Sarah climbed higher and higher along the narrow winding mountain path. She was grateful for the full moon’s light that kept her from stumbling over rocks or veering too close to the edge.  When she glanced over the side, she saw the steep mountain side dropping away into darkness. Looking down made her light-headed and her legs wobble a bit, so she kept her eyes trained on the path ahead. She did not know how long she had been walking when it started to get light.

The trail forked, with a smaller branch curving off to the left into a craggy opening. She decided to explore it to see where it led. She needed to find a place to hide and rest. The opening led into a  passage. She could hear water running somewhere. As she walked toward the sound it became louder. The passage opened behind a wall of water. Sarah stepped through and found a small path along a ledge behind the falls. She picked her way carefully along the slippery ground until she came to a wide outcropping. The falls thundered down into a river gorge that ran under a bridge.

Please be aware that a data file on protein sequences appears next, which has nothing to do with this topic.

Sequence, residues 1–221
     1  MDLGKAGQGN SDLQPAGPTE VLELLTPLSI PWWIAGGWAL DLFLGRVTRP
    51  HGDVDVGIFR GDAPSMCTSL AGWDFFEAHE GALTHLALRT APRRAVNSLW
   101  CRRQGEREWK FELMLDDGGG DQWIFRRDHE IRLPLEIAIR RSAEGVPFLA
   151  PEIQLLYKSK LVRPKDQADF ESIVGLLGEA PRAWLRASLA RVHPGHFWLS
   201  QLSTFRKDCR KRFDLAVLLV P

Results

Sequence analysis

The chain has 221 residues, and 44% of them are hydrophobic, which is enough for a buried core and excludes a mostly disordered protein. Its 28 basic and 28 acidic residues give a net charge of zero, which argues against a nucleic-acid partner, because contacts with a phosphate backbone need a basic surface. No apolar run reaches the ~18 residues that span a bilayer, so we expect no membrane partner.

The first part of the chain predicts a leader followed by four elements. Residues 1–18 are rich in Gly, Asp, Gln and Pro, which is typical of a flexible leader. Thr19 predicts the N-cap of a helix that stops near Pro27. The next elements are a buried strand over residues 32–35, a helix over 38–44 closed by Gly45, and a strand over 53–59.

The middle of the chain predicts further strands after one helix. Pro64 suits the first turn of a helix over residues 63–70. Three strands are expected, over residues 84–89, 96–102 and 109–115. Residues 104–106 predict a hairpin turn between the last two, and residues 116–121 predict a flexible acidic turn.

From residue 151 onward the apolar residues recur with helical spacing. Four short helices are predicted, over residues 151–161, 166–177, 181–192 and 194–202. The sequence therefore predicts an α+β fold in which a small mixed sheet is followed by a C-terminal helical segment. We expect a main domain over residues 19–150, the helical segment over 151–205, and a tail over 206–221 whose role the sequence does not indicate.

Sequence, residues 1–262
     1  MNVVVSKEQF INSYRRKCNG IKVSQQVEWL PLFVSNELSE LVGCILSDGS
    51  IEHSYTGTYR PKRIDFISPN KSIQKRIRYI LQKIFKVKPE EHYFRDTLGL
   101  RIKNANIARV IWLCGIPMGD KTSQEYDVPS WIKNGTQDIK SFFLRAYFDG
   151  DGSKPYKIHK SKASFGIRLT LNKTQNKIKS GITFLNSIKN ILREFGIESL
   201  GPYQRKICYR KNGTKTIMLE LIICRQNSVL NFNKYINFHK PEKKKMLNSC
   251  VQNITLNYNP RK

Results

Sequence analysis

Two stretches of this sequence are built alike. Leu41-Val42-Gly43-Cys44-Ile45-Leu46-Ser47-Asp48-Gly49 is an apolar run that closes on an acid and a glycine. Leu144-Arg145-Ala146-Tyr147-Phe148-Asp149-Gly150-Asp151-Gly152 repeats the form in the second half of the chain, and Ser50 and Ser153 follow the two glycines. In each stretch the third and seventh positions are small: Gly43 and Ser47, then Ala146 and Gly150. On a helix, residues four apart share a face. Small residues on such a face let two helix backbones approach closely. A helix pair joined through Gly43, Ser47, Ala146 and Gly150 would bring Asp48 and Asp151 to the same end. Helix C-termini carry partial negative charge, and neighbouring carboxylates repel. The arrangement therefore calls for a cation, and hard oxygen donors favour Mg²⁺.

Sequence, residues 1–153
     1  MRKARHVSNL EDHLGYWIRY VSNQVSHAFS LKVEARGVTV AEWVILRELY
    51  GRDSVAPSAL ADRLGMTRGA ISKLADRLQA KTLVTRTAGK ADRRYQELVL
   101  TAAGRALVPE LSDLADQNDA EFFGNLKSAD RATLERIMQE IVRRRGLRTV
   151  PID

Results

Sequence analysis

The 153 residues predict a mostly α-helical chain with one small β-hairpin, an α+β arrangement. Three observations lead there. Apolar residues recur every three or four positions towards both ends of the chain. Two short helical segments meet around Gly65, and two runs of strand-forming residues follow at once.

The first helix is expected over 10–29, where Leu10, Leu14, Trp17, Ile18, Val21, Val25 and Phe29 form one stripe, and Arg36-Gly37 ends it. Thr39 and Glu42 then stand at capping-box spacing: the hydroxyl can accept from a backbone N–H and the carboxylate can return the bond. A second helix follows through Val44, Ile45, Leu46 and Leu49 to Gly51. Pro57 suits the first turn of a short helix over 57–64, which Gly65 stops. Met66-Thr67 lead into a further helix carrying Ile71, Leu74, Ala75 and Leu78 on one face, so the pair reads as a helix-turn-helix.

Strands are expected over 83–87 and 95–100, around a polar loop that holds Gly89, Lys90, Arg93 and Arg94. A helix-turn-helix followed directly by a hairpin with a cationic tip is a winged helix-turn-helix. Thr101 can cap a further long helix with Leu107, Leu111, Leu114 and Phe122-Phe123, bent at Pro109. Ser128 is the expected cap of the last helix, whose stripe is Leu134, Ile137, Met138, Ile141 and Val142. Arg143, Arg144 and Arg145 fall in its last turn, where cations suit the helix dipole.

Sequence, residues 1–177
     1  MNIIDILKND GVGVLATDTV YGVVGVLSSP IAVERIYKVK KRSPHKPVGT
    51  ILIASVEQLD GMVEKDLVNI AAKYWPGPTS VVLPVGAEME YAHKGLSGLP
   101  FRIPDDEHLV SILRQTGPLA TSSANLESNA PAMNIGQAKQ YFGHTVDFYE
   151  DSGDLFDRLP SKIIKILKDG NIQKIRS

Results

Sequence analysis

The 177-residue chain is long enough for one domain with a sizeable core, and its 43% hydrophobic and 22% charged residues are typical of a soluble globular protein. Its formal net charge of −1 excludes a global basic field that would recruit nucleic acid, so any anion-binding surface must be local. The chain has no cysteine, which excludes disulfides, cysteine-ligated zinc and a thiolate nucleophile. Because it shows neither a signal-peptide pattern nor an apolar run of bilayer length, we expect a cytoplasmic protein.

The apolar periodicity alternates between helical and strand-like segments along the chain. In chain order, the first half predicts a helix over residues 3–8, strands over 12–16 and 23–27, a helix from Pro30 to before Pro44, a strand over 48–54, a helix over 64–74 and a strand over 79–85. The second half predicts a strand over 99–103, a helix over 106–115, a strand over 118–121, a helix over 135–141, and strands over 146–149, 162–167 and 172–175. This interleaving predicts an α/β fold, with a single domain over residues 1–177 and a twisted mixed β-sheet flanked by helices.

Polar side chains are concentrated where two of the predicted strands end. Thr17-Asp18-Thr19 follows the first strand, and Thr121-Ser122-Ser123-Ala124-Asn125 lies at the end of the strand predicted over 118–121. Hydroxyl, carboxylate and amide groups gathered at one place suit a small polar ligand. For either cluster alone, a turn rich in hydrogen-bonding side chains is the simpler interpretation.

Multnomah_Falls_Bridge by Jake DeGroot

“No, it can’t be….. The Great Bridge?” Sarah said, her spirits falling rapidly like the water. Did I come all this way for nothing?, she thought to herself.

Sarah realized she could not remain where she was and she couldn’t go back either. So she climbed down the path at the side of the falls. She froze when she saw some people approaching. 

A woman approached first and spoke, “Don’t be afraid, you are not in any danger here.”

“I don’t believe you. I can see The Great Bridge,” Sarah spoke with voice rising.

“You are mistaken. We are helping The Olders to escape to our world.”

Sarah, feeling her apprehension growing, said, “What did you say? Escape to your world? Where do you come from and why do you want to help The Olders?”